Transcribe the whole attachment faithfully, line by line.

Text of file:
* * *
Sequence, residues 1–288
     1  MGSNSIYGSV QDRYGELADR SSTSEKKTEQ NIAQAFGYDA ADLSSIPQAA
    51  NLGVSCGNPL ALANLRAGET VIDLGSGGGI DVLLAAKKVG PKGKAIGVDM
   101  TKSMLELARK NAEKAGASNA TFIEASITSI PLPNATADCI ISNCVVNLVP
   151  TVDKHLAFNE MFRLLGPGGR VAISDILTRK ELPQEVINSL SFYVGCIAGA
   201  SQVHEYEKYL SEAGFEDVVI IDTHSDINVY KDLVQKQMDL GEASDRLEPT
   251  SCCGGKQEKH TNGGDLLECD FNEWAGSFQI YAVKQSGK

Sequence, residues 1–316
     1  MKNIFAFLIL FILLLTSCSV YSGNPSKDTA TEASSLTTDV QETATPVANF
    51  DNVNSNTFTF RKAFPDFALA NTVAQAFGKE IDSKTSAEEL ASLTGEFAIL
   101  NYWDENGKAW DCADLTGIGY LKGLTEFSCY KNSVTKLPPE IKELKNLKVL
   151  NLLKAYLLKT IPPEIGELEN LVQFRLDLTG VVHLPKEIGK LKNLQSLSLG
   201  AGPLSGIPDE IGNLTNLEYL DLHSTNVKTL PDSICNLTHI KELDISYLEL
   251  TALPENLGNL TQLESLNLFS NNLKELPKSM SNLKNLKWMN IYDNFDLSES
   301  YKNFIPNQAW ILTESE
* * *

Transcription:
Sequence, residues 1–288
     1  MGSNSIYGSV QDRYGELADR SSTSEKKTEQ NIAQAFGYDA ADLSSIPQAA
    51  NLGVSCGNPL ALANLRAGET VIDLGSGGGI DVLLAAKKVG PKGKAIGVDM
   101  TKSMLELARK NAEKAGASNA TFIEASITSI PLPNATADCI ISNCVVNLVP
   151  TVDKHLAFNE MFRLLGPGGR VAISDILTRK ELPQEVINSL SFYVGCIAGA
   201  SQVHEYEKYL SEAGFEDVVI IDTHSDINVY KDLVQKQMDL GEASDRLEPT
   251  SCCGGKQEKH TNGGDLLECD FNEWAGSFQI YAVKQSGK

Sequence, residues 1–316
     1  MKNIFAFLIL FILLLTSCSV YSGNPSKDTA TEASSLTTDV QETATPVANF
    51  DNVNSNTFTF RKAFPDFALA NTVAQAFGKE IDSKTSAEEL ASLTGEFAIL
   101  NYWDENGKAW DCADLTGIGY LKGLTEFSCY KNSVTKLPPE IKELKNLKVL
   151  NLLKAYLLKT IPPEIGELEN LVQFRLDLTG VVHLPKEIGK LKNLQSLSLG
   201  AGPLSGIPDE IGNLTNLEYL DLHSTNVKTL PDSICNLTHI KELDISYLEL
   251  TALPENLGNL TQLESLNLFS NNLKELPKSM SNLKNLKWMN IYDNFDLSES
   301  YKNFIPNQAW ILTESE